News

It's all about the money for 'mayoral' candidates

Dorchester Day season has officially begun and the race is on for the coveted title of Mayor of Dorchester. Three candidates will battle it out this year for a prime spot in the June 1 parade and other to-be-determined duties.  Read more

Historic Lower Mills is all abuzz with talk of new developments

You may have to go back to the 19th century to find a time of more growth and bricks-and-mortar change in the historic village of Lower Mills. With a flurry of re-development projects already underway - and more potential sales on the near horizon - Lower Mills is on the verge of transformation unseen, perhaps, since the lifetime of Walter Baker, the chocolate magnate whose factory came to define the riverside village.  Read more

Church group agrees to buy old St. William's

The destiny of the former St. Williams Church on Dorchester Avenue may be a simple change of faith. It will not be transformed into a mixed-use residential building, a senior center or a work-training program for the developmental disabled. Instead, it is now on track to become a Seventh Day Adventist Church.  Read more

DA Conley says two local businesses played role in widespread gambling ring

Fifteen teams of local, state and federal law enforcement agencies hit a number of locations across Boston and the state with warrants on Tuesday, targeting a major underground gambling ring. Two businesses in Dorchester allegedly served as fronts for the gambling ring, according to Suffolk District Attorney Dan Conley's office: Thalia Beauty Salon, at 338 Blue Hill Ave., and Gentileza's Market, at 140 Bowdoin St.  Read more

Hidden votes for McCain in Dot?

A recent call to the state Republican Party inquiring about Dorchester supporters of John McCain, the presumptive nominee, yielded only one name: that of a woman who bought a bumper sticker.

But don't be fooled. Susan Kelly says she isn't the only one who'll be pulling the lever for McCain this November. "There are a lot of closet Republicans that I know," who remain in the closet thanks to the job positions they hold, she says.  Read more

T struggles to meet schedules on Fairmount Line

With four miles of one track out of service due to bridge construction, the MBTA is tossing their current schedule out the window for a new one to start on April 7. Only 34 percent of morning rush hour trains were able to adhere to it in February anyway.

"I think better information for the public is needed because standing on a platform not knowing whether their train is going to come or if it's not going to come is just not fair," said Pamela Bush, a member of the On The Move Coalition who also sits on the T Oversight Committee.  Read more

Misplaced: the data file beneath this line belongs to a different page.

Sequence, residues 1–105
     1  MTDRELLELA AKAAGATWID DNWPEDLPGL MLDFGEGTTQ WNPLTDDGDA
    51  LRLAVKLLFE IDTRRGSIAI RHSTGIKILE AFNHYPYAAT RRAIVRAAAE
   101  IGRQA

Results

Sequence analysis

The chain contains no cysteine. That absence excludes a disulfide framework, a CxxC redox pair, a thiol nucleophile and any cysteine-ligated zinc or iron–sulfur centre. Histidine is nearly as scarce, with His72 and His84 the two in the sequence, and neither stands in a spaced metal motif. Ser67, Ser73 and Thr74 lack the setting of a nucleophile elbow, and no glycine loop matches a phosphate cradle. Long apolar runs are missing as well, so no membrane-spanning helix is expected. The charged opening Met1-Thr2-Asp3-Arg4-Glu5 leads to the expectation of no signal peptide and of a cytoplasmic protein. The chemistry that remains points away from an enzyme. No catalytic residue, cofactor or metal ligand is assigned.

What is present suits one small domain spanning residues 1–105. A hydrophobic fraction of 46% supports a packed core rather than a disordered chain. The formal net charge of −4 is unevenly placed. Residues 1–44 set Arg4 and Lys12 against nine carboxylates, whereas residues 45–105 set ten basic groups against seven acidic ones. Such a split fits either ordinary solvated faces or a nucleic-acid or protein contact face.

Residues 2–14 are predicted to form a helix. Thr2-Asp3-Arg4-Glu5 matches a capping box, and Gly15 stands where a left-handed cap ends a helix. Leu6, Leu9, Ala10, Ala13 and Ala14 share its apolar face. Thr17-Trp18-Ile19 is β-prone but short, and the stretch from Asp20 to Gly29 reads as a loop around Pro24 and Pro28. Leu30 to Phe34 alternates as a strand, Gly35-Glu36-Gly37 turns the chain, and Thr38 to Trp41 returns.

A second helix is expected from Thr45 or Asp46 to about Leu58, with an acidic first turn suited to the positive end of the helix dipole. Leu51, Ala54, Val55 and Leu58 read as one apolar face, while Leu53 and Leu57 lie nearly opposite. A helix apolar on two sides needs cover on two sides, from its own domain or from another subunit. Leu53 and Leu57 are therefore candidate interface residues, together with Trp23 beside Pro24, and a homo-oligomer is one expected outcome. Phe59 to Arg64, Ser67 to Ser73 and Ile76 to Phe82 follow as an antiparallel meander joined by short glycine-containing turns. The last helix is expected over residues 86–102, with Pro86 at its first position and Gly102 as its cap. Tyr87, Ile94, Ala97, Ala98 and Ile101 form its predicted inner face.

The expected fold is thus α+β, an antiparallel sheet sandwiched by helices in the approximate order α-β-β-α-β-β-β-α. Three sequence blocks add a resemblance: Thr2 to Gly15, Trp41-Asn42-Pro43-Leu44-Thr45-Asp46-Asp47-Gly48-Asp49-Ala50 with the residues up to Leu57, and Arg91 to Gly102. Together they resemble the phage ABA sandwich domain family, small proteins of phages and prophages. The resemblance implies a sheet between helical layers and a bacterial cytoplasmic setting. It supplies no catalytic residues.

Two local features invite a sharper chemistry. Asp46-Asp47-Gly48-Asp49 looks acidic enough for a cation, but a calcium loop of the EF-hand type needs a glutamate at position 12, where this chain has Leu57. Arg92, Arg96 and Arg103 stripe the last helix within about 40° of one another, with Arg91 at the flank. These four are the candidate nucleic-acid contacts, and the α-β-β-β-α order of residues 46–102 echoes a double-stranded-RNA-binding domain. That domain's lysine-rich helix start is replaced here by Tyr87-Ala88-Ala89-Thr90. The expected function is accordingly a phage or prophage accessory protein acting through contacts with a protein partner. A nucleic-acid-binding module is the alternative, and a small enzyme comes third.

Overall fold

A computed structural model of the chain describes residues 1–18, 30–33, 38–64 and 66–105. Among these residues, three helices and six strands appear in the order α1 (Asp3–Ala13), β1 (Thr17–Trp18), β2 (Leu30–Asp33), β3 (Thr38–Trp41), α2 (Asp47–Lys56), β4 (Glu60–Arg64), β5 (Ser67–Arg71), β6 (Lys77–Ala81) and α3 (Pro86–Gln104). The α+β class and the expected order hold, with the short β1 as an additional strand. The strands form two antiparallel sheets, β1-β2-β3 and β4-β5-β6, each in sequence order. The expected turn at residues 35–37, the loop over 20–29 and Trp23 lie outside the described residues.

Task force gets closer look at Columbia Point plans

The Columbia Point Master Planning Task Force saw the reasons they were pulled together last Thursday as a trio of would-be developers brought forth their big plans, or lack of them, for Dorchester's big toe sticking out into the bay, Columbia Point.  Read more

Study scopes out health gaps by village

Researchers have developed a new methodology that they hope will be used by state and local health departments to track health disparities by neighborhood village - as in Savin Hill, Uphams Corner or Franklin Field - with the hope of encouraging more effective public policy.  Read more

Wilkerson bill would freeze subprime takings

By 
By
Apr. 2, 2008

Saying that lawmakers on both the federal and state level have not done enough to stem the worsening tide of foreclosures, state Sen. Dianne Wilkerson filed last week a triad of bills that would put in place a 180-day moratorium on foreclosures resulting from "unfair" subprime loans, give tenants four to six months relief from eviction and provide for a foreclosure judicial process.  Read more

MTV run ends for Status Quo dancers

Dorchester's Ernest "E-Knock" Phillips and five other members of Status Quo are back in town after narrowly losing a contest for $100,000 and the "America's Best Dance Crew" title - promoted by MTV's show of the same name.

A crowd of friends, family, fans and other members of the 14-strong crew greeted the six fallen warriors at Logan Airport Friday night, and by Monday, Phillips and others were already imparting what they learned to the rest of the crew down at English High School in Jamaica Plain.  Read more

Carney Hospital lays off 50 workers

"It needed to be done," is what some are saying after nearly 5 percent of Caritas Carney Hospital's workforce lost their jobs last Thursday. For the people who work there, the logic was little comfort.

"It was probably the worst day in my 18 years being here in terms of the pall it cast in the hospital," said former chief of staff Dr. David Lustbader, who also sits on the board of trustees for Carney. "But I've worked a long time with Dr. [Daniel] O'Leary and there wasn't any option going forward."  Read more

Neighbors hope to dedicate corner to Neponset 'hero'

Neponset Avenue and McKone Street is not just another corner to Jimmy King. It's the corner his son Army Private Kevin J. King left behind his childhood to serve his country.

At 19, Kevin was killed during training exercises as he prepared to deploy for Iraq last April. Those close to him hope to dedicate that corner as a Hero Square in his memory. The first step will likely take place this week, when City Council President Maureen Feeney proposes the resolution to initiate the square during the council session.  Read more

Frederick School helps children of Somali refugees

By 
Lydia Mulvaney
Mar. 26, 2008

A new pilot program at the Lilla G. Frederick Pilot School on Columbia Road is offering culturally-sensitive, full-time mental health care to Somali children, many of them refugees.  Read more

Boston tree party Planting program expands scope